It seems that there has been a lot of stories in the media lately about invasive insects and spiders arriving in America through shipping containers. You would think that since invasive insect pests are so devastating shipping officials would have figured out some way of making all shipments pest-free, but apparently that is easier said than done. Recently a shipping crew found a giant spider in a container from Japan.
Word has it that not a single member of the shipping crew was willing to trap the spider or remove it from the crate where it was found on account of its very large terrifying look. So the workers contacted an expert. Eventually an animal collection officer arrived to take care of the scary spider for the dock workers.
The spider turned out to be a large huntsman spider that is normally found in Australia. This spider can reach lengths of 13 or more centimeters, and their venom is not deadly to humans. Although these creatures are huge and scary looking they are completely harmless.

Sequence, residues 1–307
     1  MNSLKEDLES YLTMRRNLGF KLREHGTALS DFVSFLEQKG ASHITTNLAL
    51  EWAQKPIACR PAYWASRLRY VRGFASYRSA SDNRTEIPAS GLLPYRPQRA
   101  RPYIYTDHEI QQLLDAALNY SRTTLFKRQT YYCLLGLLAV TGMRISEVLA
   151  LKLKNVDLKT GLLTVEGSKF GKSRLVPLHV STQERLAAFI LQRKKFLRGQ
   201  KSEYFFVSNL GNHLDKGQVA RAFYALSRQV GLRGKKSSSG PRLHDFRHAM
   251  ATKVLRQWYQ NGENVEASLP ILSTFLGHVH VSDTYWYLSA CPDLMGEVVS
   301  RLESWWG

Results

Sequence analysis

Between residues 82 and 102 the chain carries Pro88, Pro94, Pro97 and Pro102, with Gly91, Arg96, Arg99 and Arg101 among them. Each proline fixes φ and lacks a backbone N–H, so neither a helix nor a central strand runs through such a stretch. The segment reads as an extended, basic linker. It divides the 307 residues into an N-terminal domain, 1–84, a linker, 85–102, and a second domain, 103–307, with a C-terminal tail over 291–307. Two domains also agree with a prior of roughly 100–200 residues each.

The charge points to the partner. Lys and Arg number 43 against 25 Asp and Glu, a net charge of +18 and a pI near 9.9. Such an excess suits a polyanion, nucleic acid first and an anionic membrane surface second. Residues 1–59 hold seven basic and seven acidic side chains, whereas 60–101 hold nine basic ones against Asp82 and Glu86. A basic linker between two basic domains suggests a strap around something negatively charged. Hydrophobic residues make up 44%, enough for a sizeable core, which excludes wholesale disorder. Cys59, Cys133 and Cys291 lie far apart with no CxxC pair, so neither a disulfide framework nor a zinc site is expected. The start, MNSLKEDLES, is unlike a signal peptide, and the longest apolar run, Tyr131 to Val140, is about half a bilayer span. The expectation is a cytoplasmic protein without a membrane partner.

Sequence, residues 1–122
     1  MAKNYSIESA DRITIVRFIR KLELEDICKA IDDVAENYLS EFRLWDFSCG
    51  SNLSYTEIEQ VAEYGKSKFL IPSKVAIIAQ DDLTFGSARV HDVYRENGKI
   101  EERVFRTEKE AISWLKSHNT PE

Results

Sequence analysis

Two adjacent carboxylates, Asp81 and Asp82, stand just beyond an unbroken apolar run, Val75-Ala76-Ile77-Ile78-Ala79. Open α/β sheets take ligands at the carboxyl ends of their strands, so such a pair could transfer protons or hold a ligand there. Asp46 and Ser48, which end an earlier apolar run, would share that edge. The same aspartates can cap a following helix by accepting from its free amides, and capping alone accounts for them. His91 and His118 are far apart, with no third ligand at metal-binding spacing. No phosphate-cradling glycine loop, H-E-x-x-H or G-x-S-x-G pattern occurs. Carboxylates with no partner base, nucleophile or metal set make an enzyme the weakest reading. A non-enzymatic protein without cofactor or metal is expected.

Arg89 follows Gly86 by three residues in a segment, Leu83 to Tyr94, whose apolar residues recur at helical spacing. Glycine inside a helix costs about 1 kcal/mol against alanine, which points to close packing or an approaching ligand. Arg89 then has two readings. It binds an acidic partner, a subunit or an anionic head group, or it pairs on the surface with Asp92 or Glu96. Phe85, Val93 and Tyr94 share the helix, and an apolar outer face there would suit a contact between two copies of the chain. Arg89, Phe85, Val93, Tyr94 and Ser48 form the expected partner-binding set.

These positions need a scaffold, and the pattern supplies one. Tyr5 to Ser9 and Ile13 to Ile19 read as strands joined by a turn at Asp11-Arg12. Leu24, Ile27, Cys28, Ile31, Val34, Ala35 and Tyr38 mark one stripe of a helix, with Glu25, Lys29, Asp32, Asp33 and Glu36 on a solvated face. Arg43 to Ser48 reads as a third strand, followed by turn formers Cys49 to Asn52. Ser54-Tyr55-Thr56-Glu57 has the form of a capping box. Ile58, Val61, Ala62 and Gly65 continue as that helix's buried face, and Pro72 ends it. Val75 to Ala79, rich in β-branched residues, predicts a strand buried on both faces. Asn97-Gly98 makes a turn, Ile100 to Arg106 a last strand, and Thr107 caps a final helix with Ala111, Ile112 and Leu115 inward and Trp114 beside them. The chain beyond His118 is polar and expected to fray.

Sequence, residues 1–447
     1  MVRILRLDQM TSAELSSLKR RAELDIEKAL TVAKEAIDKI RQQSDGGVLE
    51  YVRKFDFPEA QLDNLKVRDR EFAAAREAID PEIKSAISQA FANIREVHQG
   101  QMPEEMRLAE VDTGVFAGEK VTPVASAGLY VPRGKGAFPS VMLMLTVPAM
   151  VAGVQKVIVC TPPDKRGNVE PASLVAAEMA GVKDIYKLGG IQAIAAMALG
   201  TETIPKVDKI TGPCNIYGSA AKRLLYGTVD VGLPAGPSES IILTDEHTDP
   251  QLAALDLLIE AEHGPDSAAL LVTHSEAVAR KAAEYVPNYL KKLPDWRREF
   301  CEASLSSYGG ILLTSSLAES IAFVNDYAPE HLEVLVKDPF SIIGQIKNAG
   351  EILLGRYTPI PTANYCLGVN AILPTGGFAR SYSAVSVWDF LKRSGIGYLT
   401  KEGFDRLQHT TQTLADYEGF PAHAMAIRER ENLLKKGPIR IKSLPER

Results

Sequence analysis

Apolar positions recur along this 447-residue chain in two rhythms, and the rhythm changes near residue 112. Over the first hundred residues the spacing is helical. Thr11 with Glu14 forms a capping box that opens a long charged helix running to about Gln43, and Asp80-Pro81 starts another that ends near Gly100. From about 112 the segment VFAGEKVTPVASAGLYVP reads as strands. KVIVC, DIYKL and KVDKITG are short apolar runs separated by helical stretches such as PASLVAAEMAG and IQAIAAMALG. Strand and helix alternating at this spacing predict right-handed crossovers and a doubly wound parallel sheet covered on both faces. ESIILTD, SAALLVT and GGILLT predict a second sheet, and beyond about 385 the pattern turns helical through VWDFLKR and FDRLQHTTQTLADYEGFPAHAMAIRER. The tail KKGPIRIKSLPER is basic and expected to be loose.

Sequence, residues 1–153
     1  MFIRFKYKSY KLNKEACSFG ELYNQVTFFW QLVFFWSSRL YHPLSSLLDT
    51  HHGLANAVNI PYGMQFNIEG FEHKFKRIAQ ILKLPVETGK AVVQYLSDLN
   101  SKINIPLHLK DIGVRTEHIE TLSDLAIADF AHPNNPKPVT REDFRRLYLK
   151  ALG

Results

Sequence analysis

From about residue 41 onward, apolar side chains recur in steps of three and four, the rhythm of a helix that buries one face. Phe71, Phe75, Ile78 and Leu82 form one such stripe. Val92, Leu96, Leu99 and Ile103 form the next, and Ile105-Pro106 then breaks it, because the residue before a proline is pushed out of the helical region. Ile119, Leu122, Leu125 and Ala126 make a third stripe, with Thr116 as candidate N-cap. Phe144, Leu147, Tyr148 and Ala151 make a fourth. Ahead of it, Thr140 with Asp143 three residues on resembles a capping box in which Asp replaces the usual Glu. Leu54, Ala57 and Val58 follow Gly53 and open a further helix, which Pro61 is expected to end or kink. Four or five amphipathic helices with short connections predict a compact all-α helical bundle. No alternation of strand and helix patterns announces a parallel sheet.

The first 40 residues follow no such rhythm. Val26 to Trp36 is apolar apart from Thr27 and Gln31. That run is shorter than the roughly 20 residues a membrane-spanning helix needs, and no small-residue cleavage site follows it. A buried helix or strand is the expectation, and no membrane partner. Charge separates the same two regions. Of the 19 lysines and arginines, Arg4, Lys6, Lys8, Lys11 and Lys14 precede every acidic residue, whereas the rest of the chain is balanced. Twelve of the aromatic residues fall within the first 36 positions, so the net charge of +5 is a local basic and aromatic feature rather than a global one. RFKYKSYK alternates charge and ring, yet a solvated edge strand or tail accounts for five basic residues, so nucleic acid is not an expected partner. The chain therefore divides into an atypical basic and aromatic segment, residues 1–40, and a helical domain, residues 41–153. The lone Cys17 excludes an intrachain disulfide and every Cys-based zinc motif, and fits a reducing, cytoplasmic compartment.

Which foreign insect or spider pest do you think is most damaging to North America’s ecosystem?
For the most part, if an insect is going to cause you harm, something about them tends to give that threatening aspect away. But there are some insects out there that at first may seem harmless, until you realize that these “harmless” insects can actually cause some serious damage and put you in great danger. Here’s one secretly deadly insect that you are probably already quite familiar with.